A federal court has rejected the potentially far-reaching claims of Florida tomato growers who say they lost business because of Food and Drug Administration warnings.
The ruling unsettles numerous growers, who collectively lost several hundred million dollars following FDA food safety warnings in 2008 that proved erroneous. The ruling also curtails other growers tempted to base similar challenges on the constitutional requirement that the government pay compensation for taking property.
“Advisory pronouncements, even those with significant financial impact on the marketplace, are not enough to effect a taking of property under the Fifth Amendment,” U.S. Court of Federal Claims Senior Judge Lynn J. Bush stated.
In a 13-page decision quietly issued Thursday, Bush concluded that “although a wide range of government actions may give rise to regulatory takings,” these actions do not extend to “press releases and consumer advisories, by themselves.”
The Tallahassee, Fla.-based attorney representing the growers, M. Stephen Turner, said in an interview Friday that he will appeal. He likened the government’s actions to somebody who “stands in front of a house and says it’s infested with vermin,” thereby destroying property value.
“The Fifth Amendment protects the property of everyone,” Turner said.
A Clinton administration appointee, Bush serves on a specialized court well-known among certain California farmers, West Coast loggers, defense contractors and others. Located within sight of the White House, the claims court handles breach-of-contract, property takings and other cases in which companies and individuals have a monetary beef with the federal government.
Last month, for instance, the claims court sided with a water district in California’s San Joaquin County that says the government owes it more money for failing to deliver irrigation water. The court regularly considers lawsuits from logging companies unhappy with timber sales, and other companies challenging contracts.
Last year, tomato growers brought their initial grievance to the court.
The FDA had responded to an outbreak of salmonella-related illnesses in 2008, issuing warnings on June 3 and June 7 of that year linking the outbreak to certain types of tomatoes. The FDA also held a media briefing on June 13, opining that the “vast majority” of salmonella-tainted tomatoes was “very likely” from New Mexico and Florida.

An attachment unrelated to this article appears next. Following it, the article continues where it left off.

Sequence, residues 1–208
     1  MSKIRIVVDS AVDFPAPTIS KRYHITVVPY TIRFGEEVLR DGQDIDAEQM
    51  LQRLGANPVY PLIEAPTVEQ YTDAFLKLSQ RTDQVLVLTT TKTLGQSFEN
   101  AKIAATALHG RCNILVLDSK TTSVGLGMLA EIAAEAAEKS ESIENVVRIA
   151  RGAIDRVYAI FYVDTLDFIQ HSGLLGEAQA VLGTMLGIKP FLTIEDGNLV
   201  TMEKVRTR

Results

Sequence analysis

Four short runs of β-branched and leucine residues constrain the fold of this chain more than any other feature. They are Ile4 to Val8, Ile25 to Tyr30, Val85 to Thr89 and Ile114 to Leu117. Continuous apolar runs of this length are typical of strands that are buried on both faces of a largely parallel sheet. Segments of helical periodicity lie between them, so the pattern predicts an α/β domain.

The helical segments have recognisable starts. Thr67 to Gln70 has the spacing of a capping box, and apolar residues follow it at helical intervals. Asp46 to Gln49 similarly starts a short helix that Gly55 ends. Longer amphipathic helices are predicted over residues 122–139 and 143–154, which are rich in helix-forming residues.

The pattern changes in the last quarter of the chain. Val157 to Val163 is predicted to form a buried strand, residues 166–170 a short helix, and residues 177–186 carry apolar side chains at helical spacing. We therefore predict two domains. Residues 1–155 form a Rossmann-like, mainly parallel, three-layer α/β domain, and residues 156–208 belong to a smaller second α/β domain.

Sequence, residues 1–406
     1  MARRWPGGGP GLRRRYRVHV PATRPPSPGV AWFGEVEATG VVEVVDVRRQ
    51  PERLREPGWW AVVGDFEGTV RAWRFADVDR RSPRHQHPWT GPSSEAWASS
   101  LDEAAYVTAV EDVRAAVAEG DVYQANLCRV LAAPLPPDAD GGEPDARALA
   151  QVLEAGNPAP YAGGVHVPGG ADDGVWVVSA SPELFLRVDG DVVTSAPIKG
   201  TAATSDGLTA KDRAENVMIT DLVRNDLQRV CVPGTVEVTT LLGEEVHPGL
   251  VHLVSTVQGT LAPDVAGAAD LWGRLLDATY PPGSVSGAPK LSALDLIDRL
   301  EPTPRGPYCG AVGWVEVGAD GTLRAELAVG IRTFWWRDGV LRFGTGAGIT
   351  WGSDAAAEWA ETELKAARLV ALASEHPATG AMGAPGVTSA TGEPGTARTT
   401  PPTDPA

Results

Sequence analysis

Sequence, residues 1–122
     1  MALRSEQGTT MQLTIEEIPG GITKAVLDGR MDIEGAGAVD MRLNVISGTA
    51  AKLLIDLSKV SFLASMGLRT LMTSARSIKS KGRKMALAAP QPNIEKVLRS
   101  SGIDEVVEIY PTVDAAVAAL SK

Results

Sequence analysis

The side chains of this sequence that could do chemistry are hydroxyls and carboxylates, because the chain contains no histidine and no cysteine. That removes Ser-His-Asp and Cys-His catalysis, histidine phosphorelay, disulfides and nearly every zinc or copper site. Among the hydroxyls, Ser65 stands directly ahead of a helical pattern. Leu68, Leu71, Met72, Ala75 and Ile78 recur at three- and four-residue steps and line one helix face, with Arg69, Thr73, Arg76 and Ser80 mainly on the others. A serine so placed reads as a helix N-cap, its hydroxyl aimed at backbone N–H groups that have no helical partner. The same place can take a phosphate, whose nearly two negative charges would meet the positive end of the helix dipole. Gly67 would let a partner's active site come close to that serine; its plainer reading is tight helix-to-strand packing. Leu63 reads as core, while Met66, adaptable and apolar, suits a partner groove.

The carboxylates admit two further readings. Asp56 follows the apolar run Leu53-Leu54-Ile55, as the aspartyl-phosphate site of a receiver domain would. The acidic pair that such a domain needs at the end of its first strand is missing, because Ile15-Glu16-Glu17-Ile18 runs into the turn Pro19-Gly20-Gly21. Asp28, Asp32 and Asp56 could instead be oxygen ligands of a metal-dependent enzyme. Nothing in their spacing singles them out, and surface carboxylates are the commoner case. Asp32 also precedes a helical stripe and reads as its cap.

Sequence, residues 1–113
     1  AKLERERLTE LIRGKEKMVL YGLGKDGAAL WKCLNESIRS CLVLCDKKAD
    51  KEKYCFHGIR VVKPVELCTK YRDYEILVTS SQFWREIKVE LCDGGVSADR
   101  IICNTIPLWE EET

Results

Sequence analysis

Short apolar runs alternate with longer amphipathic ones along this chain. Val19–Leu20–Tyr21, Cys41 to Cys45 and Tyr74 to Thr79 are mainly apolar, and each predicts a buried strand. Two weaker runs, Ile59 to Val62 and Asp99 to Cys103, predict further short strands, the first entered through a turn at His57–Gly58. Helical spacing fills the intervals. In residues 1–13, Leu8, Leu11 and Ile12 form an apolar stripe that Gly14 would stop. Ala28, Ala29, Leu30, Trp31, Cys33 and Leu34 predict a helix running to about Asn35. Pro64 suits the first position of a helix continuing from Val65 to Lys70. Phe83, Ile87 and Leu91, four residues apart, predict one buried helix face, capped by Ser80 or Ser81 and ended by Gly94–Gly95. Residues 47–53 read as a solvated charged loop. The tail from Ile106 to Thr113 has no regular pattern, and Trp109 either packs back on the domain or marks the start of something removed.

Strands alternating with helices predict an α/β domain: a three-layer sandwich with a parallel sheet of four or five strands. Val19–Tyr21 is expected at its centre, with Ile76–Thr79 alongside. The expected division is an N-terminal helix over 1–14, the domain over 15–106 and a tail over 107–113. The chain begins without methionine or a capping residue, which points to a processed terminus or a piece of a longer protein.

Four days later, having concluded the disease outbreak was actually linked to imported serrano and jalapeno peppers, the FDA lifted its warning against tomatoes. In the meantime, though, “all or almost all of the value of plaintiffs’ perishable tomatoes was destroyed by the collapse in the market for tomatoes triggered by the FDA’s warnings,” Bush noted.
The price of Georgia tomatoes in 2008 dropped to less than $4 per box from the usual $18 to $19, while some Florida growers were reportedly reduced to selling their crop for less than $1 per box.
The growers that filed the original lawsuit, including High Hope Farms and Juniper Tomato Growers, both of Quincy, Fla., called the FDA’s warning a “regulatory taking.” Other companies, including DiMare Fresh, later joined the lawsuit.
The suit was built around the Fifth Amendment, which states that private property shall not be taken for public use without just compensation.
A conventional taking occurs when the government physically seizes property, as when building a road. A regulatory taking can happen when regulations reduce the property’s value even though it remains in private hands, as when when Endangered Species Act protections limit development potential.
The Justice Department argued no taking occurred as a result of the FDA’s statements about the spring 2008 crop of red plum, red Roma and red round tomatoes.
“The fact that the marketplace may have reacted by reducing their Spring 2008 purchases of tomatoes is irrelevant in the absence of actual Governmental interference with plaintiffs’ legal rights,” the Justice Department argued in its legal brief.
Bush agreed, concluding that the FDA’s public statements fell within the category of those that “have no legal effect on property interests.”